Well here we are 1 week into the 2016 lambing story and I am happy to report that things are going pretty well so far, always things to worry about but so far so good.
Much to our surprise it was the pedigree Kerry Hill that got the ball rolling on Tuesday 22nd March, she was the least pregnant looking ewe in the flock but still produced 2 fine healthy lambs just after dark out in the field on her own. All efforts to lure her into the shed for the night by moving her lambs ended in failure, these Kerry Hill sheep are ridiculously flighty, so we reunited ewe and lambs in the field and left them alone.
The girls with red dots then started to produce twins without any major dramas over the next few days, generally keeping to one sheep in labour each morning or evening. We had some big lambs born on Good Friday, so big they needed a bit of help and made me initially think it would only be one but this ewe was big and strong and therefore out popped twins. At this point we had 4 ewes each having produced twins so our official productivity score was 200% and no major drama apart from the gazebo based maternity unit not getting on with the wind and destroying itself.
After a quiet Saturday and all seeming well on Sunday morning I disappeared off to Sunday Dinner Club at my mums for Easter Sunday. I love this emerging family tradition and it was great to see nearly everybody. A quick visit to the field Sunday evening and we were treated to the amazing Oswald’s delivering not twins but triplets down in the shed, wow. They all seemed strong so we decided to leave them with the ewe and monitor closely the next day.
Easter Monday then happened. Things started badly with a dead lamb found out by the fence, no obvious reason for death and we just have to accept that this happens. My sickly sheep from a week earlier who was still pretty skinny but otherwise healthy was then seen wandering round the field bleating as if she couldn’t find her lamb, since she had not yet given birth this was noted by this trainee shepherd as just a little bit strange. I watched her for a little while and then all of sudden she just lay down on the ground and proceeded to give birth incredibly quickly to another set of triplets. That meant the shed needed to be re-configured to house 2 lots of ewes and triplets but as you can see from the title picture all seemed well.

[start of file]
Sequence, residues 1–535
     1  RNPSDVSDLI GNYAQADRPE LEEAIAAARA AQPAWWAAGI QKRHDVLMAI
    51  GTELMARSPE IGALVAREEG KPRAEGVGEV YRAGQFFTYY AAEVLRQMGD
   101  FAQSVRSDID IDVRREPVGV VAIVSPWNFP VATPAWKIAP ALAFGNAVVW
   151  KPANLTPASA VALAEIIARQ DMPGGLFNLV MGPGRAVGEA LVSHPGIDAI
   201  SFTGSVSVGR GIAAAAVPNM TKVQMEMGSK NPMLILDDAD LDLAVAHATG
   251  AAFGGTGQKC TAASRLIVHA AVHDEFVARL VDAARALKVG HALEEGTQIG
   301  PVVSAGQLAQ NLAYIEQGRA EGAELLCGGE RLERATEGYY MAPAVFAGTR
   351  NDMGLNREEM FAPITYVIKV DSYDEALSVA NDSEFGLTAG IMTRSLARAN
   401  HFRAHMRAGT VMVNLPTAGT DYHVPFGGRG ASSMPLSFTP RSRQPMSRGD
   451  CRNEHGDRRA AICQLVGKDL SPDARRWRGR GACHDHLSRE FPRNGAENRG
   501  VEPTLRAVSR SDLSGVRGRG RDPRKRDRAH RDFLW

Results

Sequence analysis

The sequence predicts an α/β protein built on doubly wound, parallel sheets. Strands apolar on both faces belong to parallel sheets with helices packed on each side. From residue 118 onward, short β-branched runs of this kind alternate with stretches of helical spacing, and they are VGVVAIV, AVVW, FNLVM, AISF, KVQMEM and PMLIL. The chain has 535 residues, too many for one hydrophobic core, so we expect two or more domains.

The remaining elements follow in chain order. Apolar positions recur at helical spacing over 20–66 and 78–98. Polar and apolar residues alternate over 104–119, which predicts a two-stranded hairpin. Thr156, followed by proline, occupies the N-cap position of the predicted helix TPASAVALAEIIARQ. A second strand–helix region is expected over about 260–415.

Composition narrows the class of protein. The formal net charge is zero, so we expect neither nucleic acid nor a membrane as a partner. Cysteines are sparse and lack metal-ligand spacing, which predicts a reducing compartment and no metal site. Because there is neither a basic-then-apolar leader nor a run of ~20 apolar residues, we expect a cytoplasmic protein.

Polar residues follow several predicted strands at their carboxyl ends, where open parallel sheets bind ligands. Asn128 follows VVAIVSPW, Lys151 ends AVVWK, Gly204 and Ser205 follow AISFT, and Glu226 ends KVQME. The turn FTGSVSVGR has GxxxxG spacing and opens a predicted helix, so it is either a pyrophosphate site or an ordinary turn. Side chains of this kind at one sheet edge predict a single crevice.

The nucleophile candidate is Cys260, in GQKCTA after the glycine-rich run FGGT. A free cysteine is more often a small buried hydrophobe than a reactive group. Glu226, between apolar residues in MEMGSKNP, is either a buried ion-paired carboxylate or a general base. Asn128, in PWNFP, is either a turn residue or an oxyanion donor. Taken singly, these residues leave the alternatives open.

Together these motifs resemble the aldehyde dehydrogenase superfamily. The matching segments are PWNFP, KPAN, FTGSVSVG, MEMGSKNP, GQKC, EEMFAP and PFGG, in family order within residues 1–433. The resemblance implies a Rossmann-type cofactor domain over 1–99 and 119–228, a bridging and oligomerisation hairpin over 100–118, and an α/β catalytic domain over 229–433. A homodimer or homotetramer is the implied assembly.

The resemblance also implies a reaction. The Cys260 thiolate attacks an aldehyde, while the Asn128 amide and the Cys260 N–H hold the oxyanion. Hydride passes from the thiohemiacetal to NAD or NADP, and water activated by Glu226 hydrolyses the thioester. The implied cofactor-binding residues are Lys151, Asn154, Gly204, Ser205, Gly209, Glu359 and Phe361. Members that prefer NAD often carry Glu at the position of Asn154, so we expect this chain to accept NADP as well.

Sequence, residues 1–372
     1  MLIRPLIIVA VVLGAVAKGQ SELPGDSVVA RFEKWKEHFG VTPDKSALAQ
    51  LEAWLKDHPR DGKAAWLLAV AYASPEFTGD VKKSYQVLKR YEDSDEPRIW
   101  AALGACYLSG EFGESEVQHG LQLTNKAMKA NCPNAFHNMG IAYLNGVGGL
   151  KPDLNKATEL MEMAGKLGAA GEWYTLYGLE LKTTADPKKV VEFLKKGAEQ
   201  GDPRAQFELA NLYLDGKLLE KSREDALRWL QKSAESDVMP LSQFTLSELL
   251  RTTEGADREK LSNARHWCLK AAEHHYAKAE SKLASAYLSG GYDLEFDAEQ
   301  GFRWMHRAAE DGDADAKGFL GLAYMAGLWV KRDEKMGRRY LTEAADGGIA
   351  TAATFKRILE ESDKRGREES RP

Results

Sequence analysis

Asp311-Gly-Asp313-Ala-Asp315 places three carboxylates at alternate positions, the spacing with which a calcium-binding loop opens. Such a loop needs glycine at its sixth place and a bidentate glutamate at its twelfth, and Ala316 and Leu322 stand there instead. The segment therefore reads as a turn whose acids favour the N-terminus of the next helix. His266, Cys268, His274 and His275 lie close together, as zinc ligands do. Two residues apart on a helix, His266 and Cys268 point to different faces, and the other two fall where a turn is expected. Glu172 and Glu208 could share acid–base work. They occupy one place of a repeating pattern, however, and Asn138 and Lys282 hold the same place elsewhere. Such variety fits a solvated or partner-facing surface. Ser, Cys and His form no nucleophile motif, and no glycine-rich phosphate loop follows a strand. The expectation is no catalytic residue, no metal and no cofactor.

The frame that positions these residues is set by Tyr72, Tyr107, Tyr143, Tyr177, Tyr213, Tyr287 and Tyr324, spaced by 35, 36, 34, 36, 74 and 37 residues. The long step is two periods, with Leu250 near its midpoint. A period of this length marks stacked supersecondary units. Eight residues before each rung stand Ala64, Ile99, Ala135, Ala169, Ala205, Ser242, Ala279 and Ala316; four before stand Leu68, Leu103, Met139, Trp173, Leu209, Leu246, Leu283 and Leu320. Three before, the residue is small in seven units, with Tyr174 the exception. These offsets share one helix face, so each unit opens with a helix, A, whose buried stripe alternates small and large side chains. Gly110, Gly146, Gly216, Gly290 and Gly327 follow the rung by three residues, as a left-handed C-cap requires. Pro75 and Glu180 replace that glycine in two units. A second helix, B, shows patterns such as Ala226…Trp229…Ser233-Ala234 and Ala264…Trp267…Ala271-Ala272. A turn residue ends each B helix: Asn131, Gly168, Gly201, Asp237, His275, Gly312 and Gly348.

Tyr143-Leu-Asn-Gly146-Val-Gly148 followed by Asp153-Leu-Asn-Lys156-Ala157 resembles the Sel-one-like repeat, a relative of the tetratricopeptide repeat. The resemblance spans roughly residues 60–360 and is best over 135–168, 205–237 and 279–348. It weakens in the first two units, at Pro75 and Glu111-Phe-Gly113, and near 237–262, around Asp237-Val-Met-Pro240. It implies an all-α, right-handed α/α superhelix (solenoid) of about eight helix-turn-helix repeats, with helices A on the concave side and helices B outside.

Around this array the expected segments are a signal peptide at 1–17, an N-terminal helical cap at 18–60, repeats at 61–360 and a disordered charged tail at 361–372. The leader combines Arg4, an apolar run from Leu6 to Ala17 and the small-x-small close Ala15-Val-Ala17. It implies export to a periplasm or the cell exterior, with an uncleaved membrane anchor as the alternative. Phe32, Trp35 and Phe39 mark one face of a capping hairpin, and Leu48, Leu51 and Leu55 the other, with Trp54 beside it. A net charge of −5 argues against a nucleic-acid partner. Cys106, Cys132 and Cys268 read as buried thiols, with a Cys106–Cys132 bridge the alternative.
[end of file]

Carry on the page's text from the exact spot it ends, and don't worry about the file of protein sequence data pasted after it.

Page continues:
During that afternoon the other Kerry Hill ewe wandered off on her own and was clearly in labour. I patiently got as close as possible to her and could see fluid sacks protruding from her back end but things seemed to be stalled. After leaving her another 90 minutes to make progress I was worried about a mal-presentation problem and she needed help. The ewe did not agree and proceeded to lead 4 grown adults in a merry dance around the field to try to catch her. Unbelievable comedy sketch material if anyone had a camera including my Basil Fawlty style antics, throwing sticks and shouting “just let the fe^$%er die then”.
We finally caught her and time really was pressing now, the lamb had a leg stuck backwards and would not come out without a fight, by the time it was out we were sure it would be dead but sometimes life can surprise us all. After a major resuscitation effort the lamb was awake and breathing, the Kerry Hill did a runner, understandably given the wrestling match we had just had, and left us with a perfect ram lamb. We fed him some colostrum and just hoped that the ewe would settle down to have a second one and give us a chance to reunite the family. Thankfully this all unfolded an hour later and the ewe was tricked into a pen for the night and has since taken on parental duties for both lambs.
So a relaxing day off work for a bank holiday turned into a frantic life and death struggle from waking in the morning through to a whisky after dark. But all is good with 15 lambs currently alive from 7 ewes and just 4 more to go.